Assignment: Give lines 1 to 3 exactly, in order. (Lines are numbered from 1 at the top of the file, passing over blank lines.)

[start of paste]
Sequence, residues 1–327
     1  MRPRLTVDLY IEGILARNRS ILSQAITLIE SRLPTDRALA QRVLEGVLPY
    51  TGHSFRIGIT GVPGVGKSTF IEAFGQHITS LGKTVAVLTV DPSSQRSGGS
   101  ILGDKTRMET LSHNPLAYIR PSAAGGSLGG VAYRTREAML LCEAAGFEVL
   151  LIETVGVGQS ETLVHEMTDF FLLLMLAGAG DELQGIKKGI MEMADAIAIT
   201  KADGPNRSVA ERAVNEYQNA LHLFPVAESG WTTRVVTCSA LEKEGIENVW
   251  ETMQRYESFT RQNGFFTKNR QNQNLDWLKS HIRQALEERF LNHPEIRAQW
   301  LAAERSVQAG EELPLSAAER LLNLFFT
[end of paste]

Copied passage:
Sequence, residues 1–327
     1  MRPRLTVDLY IEGILARNRS ILSQAITLIE SRLPTDRALA QRVLEGVLPY
    51  TGHSFRIGIT GVPGVGKSTF IEAFGQHITS LGKTVAVLTV DPSSQRSGGS